Forensic investigation students attend nationwide conferences

Written by Ruth Wendlandt on Tue, 05/24/2022 - 14:29 |
AAFS Conference

A group of forensic investigation students at the University of Wisconsin-Platteville had the opportunity to learn more about the field by attending two virtual conferences, the 74th Annual Scientific Conference hosted by the American Academy of Forensic Sciences (AAFS) and Mayo Clinic’s 7th Annual Forensic Science Symposium. The research based AAFS conference took place in Seattle, Washington, in February, where professionals, educators and students presented their research results. The Mayo Clinic symposium was held in April in Rochester, Minnesota, and covered topics related to death investigations. Timothy Juedes, UW-Platteville lecturer of criminal justice and forensic investigation, said the events gave students an insight into the different areas of forensic sciences.

“There is so much more going on in the forensic realm than what we teach. We are teaching textbooks, our personal experiences and different trainings, but there are a ton of things on top of that which are being conducted,” said Juedes. “It’s good exposure for our students to see what is happening in forensic sciences, whether it’s in a lab or at a scene.”

Abby Moyer, a junior biology and forensic investigation double major, from Galena, Illinois, attended both conferences. She said the conferences provided a diverse amount of information and case studies, including presentations on ballistics, fingerprinting and exhumations.

“To hear from both lab and crime scene professionals was very interesting,” said Moyer. “I was also able to identify what made a presentation stand out. Being able to see how professionals in my future career field present to their colleagues allows me to prepare for my own presentations.”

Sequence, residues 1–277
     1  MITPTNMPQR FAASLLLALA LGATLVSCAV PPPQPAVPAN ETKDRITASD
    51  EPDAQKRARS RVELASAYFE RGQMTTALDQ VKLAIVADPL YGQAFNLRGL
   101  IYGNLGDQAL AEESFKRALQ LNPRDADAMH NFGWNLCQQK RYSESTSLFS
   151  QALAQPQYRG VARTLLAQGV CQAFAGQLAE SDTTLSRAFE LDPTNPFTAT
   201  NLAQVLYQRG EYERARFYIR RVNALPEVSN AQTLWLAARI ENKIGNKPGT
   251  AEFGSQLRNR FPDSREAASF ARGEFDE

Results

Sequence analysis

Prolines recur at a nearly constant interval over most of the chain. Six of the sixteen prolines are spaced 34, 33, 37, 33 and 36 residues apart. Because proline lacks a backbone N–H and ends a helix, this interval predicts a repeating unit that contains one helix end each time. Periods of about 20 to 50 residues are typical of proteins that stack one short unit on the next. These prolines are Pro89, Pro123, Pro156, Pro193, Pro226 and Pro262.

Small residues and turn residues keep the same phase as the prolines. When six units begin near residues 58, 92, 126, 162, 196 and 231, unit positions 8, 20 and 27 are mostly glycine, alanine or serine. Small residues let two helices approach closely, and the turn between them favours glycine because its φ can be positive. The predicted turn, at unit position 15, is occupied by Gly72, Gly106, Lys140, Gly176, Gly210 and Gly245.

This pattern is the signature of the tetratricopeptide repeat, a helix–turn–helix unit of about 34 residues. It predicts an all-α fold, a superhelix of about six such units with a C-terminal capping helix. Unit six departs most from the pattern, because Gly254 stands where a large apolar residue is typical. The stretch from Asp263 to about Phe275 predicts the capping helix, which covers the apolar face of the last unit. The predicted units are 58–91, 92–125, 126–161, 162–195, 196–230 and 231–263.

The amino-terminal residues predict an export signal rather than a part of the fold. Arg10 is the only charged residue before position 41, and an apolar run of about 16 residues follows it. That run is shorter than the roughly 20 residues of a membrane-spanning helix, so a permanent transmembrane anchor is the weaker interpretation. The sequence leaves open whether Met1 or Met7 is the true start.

Nearly a dozen students were selected through an application process to attend either one or both conferences. According to Juedes, many of the students selected have an interest in becoming a forensic pathologist, autopsy technician or death investigator.

“They now have a better understanding of what they may be getting into. Some of the students will be doing internships this summer in that field. It gives them a heads-up on what they can expect,” said Juedes. “My hope for the students who don’t know what they want to do, is that they came across it at these conferences.”

Moyer emphasized the importance for UW-Platteville students to attend professional events.

“It can be very difficult for students to gain access to professional conferences and to get the opportunity was very special,” explained Moyer. “Attending these events allows students to witness firsthand what is expected of us as we enter the field. We got to learn about cases from the individuals who handled them. These conferences allowed us to see what we are being taught in college will be applied to real scenarios. It is important that students know the content in our classes is vital and will be useful in our careers after graduation.” 

The students selected to attend the AAFS conference included Abby Moyer; Ashlee Mullins; Grace Semaan; Jenna Fendt; Maddy Young; Rachel Brokish; Riese Federman and Stephanie Leinbach. 

The students selected to attend the Mayo Clinic symposium included Abby Moyer; Ashlee Mullins; Halleigh Kelchen; Isabelle Varga; Jordyne Fletcher; Lydia Helle; Maddy Young; Madi Gorski; Olivia Bayer; Savannah Palmer; Stephanie Leinbach and Veronica Tenhagen.